Confession: I had never seen Amy Schumer on Comedy Central, so her earthy brand of brash humor was, at first, a bit unnerving. Her culturally relevant, confessional comedy has no limits: nothing is too intimate or inappropriate for her to say – or write – in this raunchy, role-reversal rom-com. Her story begins with a flashback, as their philandering father (Colin Quinn) informs young Amy Townsend and her little sister why he and their mother are divorcing, having them repeat: “Monogamy isn’t realistic.” Read on…
Flash-forward 23 years. Hard-drinking, commitment-phobic Amy is a magazine features writer and serial slut, seducing whom she wants when she wants, but never spending the night. Her man-of-the-moment is WWE’s muscleman John Cena, who stuns her when he wants to get serious.
Then her saucy, shallow “S’Nuff” editor (Tilda Swinton) assigns sports-loathing Amy to interview Dr. Aaron Conners (Bill Hader), a successful Manhattan orthopedist whose patients include America’s top athletes, like his sensitive-but-strangely stingy best-buddy, NBA superstar LeBron James.
Obviously charmed by her indecisive, yet uninhibited candor, sweetly geeky Conners invites her to dinner. That leads to drinks – and soon Amy is back at his condo, climbing on top of him. But there are plenty of spiky speed bumps on this road to romance. Collaborating with director Judd Apatow (“40 Year-Old Virgin,” “Knocked Up”), it’s Schumer’s show. Episodic and overly long, much of it works.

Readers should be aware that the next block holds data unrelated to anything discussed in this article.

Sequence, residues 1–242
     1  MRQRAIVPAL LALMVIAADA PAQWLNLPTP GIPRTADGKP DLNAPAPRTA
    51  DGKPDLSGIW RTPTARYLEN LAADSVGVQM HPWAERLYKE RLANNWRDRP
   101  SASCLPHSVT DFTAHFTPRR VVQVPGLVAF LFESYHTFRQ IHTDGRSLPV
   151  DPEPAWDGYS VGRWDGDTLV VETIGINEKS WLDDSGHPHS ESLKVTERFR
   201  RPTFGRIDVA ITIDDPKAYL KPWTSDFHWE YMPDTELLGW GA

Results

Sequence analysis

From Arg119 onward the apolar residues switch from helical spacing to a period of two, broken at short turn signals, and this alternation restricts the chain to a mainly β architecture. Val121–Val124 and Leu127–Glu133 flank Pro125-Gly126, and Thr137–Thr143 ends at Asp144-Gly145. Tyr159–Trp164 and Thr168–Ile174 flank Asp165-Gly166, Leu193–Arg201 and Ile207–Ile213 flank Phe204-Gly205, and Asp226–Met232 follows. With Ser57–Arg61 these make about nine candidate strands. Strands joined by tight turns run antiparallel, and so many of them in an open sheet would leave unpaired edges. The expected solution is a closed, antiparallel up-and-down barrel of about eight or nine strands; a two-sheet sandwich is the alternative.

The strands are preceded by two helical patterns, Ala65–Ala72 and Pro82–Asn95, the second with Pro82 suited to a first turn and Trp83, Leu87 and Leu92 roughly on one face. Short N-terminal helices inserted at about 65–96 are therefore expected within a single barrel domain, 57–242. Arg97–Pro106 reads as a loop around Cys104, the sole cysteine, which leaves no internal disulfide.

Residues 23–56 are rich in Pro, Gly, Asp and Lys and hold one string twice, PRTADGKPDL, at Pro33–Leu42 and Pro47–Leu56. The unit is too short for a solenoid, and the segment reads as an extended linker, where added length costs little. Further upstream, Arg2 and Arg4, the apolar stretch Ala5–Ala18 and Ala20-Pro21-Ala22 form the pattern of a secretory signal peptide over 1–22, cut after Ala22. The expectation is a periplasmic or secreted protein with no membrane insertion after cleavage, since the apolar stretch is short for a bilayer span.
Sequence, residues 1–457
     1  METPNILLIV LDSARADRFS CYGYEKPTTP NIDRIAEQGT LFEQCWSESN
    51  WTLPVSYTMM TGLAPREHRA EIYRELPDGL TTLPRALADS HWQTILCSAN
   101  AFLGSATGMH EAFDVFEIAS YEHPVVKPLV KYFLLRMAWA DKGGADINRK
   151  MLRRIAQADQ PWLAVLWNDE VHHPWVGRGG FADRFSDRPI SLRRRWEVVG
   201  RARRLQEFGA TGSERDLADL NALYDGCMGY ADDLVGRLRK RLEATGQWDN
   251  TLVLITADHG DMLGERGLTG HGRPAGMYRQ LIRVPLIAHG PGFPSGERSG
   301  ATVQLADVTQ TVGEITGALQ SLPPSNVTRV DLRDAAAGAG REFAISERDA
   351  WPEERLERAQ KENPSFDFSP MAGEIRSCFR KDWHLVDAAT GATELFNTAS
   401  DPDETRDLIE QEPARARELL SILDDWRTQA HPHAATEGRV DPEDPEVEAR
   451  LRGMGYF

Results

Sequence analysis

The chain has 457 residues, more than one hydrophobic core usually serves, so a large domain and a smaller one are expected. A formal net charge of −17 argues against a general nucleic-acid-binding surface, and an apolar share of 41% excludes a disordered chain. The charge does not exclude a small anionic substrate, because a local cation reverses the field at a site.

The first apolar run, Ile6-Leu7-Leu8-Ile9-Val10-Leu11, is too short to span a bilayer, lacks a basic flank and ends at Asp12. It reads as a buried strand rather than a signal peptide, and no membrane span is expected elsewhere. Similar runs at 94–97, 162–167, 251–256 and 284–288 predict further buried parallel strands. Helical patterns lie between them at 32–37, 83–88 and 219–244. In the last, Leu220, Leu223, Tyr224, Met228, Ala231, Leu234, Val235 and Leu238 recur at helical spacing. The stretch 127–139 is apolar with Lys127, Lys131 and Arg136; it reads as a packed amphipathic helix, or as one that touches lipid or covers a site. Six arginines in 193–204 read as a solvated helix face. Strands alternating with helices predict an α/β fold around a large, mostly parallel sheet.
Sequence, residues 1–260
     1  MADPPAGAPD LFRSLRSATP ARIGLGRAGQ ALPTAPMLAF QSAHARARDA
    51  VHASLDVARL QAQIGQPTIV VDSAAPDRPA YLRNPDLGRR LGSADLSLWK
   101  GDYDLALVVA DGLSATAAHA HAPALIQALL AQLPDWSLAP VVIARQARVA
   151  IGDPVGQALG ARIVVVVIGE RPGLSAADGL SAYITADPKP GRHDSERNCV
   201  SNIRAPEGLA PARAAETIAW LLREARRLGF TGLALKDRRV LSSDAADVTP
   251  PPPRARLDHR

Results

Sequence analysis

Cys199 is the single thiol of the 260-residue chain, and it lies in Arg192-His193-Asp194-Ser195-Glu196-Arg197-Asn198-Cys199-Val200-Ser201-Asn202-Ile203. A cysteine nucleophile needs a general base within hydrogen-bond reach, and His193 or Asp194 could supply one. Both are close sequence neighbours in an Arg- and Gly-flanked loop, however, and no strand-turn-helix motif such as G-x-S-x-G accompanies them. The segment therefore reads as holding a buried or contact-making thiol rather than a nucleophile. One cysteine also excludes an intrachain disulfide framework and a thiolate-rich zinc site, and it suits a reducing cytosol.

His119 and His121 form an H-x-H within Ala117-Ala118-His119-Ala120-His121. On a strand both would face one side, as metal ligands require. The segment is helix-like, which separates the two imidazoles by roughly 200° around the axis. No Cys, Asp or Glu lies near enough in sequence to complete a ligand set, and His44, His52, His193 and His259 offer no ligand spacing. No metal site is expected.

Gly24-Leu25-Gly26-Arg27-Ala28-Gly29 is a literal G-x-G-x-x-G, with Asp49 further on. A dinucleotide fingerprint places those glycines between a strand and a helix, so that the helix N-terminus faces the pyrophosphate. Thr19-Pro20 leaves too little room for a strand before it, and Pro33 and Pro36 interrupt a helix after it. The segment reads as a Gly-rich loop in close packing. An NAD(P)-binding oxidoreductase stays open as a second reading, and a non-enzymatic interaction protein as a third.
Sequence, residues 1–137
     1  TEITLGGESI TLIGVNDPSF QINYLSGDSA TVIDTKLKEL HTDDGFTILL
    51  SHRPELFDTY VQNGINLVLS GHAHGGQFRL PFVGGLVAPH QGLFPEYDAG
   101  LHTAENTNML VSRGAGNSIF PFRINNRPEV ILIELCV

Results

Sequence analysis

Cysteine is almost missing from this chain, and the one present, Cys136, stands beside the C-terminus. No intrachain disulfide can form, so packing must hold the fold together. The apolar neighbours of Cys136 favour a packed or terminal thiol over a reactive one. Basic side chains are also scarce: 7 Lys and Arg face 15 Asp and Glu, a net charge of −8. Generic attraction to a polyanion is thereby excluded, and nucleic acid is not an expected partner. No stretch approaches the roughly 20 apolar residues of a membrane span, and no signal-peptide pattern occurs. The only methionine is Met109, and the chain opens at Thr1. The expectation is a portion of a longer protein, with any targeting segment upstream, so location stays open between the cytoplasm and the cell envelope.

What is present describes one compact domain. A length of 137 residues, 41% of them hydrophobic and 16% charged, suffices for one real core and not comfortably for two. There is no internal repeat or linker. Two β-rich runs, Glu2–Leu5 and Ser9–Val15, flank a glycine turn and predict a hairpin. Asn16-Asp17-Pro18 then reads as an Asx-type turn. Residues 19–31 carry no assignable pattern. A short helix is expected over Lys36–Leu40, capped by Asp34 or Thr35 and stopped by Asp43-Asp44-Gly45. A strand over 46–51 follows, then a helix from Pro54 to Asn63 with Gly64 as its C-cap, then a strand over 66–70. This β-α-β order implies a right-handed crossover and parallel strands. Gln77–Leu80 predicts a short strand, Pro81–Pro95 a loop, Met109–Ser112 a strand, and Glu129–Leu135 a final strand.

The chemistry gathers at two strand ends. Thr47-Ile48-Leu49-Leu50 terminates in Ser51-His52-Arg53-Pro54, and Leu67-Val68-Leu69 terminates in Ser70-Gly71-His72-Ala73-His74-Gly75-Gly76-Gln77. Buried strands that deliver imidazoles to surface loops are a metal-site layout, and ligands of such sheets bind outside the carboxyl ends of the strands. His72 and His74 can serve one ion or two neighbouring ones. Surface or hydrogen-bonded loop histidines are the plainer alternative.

According to interviews, Amy’s vulnerable character seems to parallel her own life – including a married sister named Kim (Brie Larson) and an angry, outspoken father suffering from multiple sclerosis.
“When I was writing this script, I realized that I had a really hard time letting somebody love me and felt like I didn’t deserve it,” she says. “And now I totally do. I think I’m a woman to love.”
Once empowered, Amy Schumer is a revelation, and it’s not surprising that she’ll be the stand-up opening act of Madonna’s new show in September.
On the Granger Movie Gauge of 1 to 10, “Trainwreck” is a sneaky, subversive 7, slyly delivering love- spiced laughter.